Joyce Groote, Owner, President and CEO of Holeys, joined TEC Canada as a Vancouver Chair in 2010. She currently runs a CEO group and a second group for entrepreneurs and growing business owners. Joyce kindly took some time out to talk to TEC Exchange about her experiences as a woman leader in Canadian business, and to share some advice for other women looking to improve their business success.
Why did you become a Chair?
I was a member of TEC for a number of years and absolutely loved everything about the organization – the speakers, my group and my Chair. TEC helped me to grow both personally and professionally. TEC also helped me transform my company to accommodate new realities in China, as well as changing economic factors and distribution, to be a profitable, easy to run company that operates under a completely different business model.
I also have a real love and fascination for business and realized that I could put my strategic skills to use to help others grow. Lastly, being a Chair also allows me to keep learning. I learn from my members as well!
Which components of your experience and expertise do you think will contribute most to your members’ growth?
I have experienced a lot through my past, particularly in my role as CEO and President of Holeys. Because Holeys was the fastest growing Canadian company under the Profit Hot50 in 2006, I understand a lot about rapid growth and what it is like to ride a bumpy road. I also learned a lot about running a company, sometimes doing so the hard way. Through Holeys, it was important to understand international distribution, sales, manufacturing in China, dealing with the Chinese culture and continually reinventing myself and the company to grow. These are all skills that allow me to ask the hard questions, listen intently and get to the core of an issue quickly. All of these skills allow me to help my members.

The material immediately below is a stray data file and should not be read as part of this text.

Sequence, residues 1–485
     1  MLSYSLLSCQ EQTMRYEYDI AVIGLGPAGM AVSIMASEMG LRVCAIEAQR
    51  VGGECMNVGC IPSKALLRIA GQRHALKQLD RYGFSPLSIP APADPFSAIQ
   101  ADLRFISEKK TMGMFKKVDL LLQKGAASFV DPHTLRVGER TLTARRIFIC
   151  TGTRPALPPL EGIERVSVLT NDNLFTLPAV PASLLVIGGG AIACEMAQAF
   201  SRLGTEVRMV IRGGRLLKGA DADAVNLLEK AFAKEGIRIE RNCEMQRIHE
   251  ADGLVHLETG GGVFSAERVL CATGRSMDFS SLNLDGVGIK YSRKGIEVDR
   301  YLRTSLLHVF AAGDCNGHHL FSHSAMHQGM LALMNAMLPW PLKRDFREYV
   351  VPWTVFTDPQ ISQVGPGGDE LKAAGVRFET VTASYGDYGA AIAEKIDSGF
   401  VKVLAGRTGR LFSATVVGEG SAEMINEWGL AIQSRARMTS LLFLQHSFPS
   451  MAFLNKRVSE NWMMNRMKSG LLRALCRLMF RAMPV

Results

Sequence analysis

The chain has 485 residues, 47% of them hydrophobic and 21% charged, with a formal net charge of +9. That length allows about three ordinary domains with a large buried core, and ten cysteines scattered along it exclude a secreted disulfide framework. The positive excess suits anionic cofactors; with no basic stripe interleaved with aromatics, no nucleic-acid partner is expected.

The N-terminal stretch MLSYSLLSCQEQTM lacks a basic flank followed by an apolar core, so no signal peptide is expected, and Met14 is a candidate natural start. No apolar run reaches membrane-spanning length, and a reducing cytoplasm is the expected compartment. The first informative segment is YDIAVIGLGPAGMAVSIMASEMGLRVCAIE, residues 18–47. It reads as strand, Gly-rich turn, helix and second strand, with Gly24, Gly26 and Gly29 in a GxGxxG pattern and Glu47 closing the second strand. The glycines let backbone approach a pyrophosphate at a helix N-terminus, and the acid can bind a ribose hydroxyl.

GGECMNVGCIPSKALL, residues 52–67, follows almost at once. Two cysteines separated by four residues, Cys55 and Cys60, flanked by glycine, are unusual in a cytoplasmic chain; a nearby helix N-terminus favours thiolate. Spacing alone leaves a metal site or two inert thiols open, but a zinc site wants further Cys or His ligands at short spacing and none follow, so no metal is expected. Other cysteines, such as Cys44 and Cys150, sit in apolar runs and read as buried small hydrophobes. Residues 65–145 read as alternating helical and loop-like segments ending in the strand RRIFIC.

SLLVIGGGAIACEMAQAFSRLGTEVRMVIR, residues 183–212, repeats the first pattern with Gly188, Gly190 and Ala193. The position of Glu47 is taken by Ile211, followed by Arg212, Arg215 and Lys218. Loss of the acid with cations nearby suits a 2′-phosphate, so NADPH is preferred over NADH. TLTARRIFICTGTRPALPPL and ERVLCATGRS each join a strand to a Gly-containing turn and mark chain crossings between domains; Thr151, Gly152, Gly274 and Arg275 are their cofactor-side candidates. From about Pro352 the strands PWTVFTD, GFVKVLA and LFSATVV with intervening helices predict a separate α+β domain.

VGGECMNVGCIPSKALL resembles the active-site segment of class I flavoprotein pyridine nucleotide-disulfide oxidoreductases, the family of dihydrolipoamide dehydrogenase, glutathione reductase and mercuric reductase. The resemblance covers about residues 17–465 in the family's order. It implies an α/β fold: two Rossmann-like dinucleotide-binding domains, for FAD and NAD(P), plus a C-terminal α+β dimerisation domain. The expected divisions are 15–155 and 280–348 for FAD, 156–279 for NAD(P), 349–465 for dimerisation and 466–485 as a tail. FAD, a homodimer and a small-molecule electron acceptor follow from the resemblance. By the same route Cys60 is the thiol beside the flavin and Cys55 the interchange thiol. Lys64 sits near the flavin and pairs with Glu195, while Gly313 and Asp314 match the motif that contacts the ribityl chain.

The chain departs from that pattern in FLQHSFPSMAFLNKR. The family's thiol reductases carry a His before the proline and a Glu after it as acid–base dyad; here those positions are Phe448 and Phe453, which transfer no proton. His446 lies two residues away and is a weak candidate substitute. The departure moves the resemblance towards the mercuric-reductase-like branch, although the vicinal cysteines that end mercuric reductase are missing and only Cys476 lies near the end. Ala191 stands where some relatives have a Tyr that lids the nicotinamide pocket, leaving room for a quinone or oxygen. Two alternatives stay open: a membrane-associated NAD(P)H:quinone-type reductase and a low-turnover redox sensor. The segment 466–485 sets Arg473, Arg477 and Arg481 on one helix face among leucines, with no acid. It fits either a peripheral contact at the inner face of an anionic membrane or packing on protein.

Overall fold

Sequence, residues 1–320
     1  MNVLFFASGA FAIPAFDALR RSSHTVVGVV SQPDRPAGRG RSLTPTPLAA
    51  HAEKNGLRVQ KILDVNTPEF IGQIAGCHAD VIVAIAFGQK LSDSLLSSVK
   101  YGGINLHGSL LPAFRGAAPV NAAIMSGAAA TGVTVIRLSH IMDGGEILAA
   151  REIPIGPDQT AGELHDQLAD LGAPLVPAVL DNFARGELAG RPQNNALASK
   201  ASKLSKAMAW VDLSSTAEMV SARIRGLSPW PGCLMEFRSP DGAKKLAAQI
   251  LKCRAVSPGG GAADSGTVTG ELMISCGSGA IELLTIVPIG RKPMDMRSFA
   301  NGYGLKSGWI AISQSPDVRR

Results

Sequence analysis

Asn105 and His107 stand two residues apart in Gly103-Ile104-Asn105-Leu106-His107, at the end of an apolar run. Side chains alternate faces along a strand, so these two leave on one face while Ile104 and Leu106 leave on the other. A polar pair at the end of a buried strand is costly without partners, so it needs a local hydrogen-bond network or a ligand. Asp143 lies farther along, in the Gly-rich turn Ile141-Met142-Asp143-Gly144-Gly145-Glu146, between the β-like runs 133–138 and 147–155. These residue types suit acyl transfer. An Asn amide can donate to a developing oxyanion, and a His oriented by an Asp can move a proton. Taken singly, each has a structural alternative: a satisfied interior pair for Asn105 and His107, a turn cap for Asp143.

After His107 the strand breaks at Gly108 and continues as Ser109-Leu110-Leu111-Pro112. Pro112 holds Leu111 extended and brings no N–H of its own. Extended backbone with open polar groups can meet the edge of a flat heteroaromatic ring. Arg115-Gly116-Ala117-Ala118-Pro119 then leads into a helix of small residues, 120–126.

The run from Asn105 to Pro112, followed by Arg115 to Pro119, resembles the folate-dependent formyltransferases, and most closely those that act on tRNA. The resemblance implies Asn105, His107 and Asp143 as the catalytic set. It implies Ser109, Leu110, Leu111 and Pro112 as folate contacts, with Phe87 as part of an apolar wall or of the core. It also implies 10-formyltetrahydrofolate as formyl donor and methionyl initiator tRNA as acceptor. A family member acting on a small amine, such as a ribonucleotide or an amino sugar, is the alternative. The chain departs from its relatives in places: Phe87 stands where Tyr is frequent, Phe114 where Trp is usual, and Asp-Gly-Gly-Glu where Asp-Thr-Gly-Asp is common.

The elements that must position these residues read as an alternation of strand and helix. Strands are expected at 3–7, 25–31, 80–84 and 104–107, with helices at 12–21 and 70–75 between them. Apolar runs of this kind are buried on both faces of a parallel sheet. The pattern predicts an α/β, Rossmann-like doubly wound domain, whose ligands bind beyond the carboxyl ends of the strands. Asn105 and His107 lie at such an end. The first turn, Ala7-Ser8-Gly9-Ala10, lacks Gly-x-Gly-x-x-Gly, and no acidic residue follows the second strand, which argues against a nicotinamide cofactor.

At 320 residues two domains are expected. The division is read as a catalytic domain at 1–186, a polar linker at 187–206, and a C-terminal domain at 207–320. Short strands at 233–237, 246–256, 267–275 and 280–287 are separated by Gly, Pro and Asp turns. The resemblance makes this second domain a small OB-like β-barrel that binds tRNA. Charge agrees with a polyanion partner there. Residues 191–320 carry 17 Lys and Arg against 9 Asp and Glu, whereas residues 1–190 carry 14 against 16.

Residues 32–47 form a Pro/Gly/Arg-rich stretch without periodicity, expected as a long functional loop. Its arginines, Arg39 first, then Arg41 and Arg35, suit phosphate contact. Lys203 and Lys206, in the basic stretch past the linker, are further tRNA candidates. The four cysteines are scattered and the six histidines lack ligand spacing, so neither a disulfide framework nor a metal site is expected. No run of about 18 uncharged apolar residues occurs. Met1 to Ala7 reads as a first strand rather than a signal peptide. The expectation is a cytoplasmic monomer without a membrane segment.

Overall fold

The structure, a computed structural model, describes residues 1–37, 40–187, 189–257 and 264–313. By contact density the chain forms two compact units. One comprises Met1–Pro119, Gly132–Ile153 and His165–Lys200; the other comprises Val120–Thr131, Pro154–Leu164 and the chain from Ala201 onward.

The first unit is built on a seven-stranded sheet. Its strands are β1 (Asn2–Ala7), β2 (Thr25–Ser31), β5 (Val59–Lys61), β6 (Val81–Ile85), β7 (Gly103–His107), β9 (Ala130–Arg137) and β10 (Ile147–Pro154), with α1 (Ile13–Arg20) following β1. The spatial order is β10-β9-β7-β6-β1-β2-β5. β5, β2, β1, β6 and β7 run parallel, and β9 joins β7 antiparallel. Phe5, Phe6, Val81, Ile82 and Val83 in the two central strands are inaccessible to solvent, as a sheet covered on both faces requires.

With your work internationally, in China and elsewhere, have you experienced additional challenges because you’re a woman?
There is a distinct gender preference in certain countries; an automatic respect for men, but I noticed this more strongly in some European countries than in China. Being a goal-oriented person, I have generally elected to make the goal my priority, rather than my pride, and dealt with the challenge by working with the men on my team to expedite the process. To me, this is simply about adapting to the environment in which we’re doing business by sending in the most appropriate person to achieve our business goals.
What do you see as the biggest challenge facing business leaders as individuals? What about women as business leaders?
To not get drawn into the trenches. Remain strategic which is the specific environment that TEC provides. As a member, TEC provided one entire day per month where I could be focused only on strategy. My company needed and counted on me to be the strategic force!
To keep thinking about how the business can be creative and fill gaps that no one else is filling. All leaders should be constantly ensuring that their value proposition is the right one and that their differentiation is very clear. This helps prevent being commoditized, which wreaks havoc with pricing pressures.
Ensuring a work-life balance. Women leaders tend to have an edge in understanding this need and TEC helps to keep the balancing act as a focus. Male business leaders often have less work-life balance so can make significant strides from the monthly reminders and group feed-back.
How do you keep work-life balance? How do you spend your ‘life’ time?
For fitness and health, I have long term goals which are then broken down into shorter milestones that can be done in a week. I book exercise time into my schedule to make sure that it doesn’t get put off. Focus on my health has been very important and allows me to deal with a lot more pressures and stress than without it. My husband and I also ensure that every week is filled with time for each other as well as some individual time.
Drawing on your experience as a successful businesswoman, what is the main action you feel that women leaders can take starting today to increase their success?
Believe in themselves. Strive for congruency between their head, heart and gut when making important decisions. We have to learn to trust our intuition.
Understand themselves and hire around their weaknesses. No one is a one-person show where they have all the skill sets that will be required for a successful business.
Don’t be afraid to ask for help. I have seen pride get in others’ way so they don’t ask for help when in need. Women tend to be a little better at asking for help and should continually expand their network of those whom they can rely upon. From my own experience in asking for help, it has always amazed me how many people are willing to step up.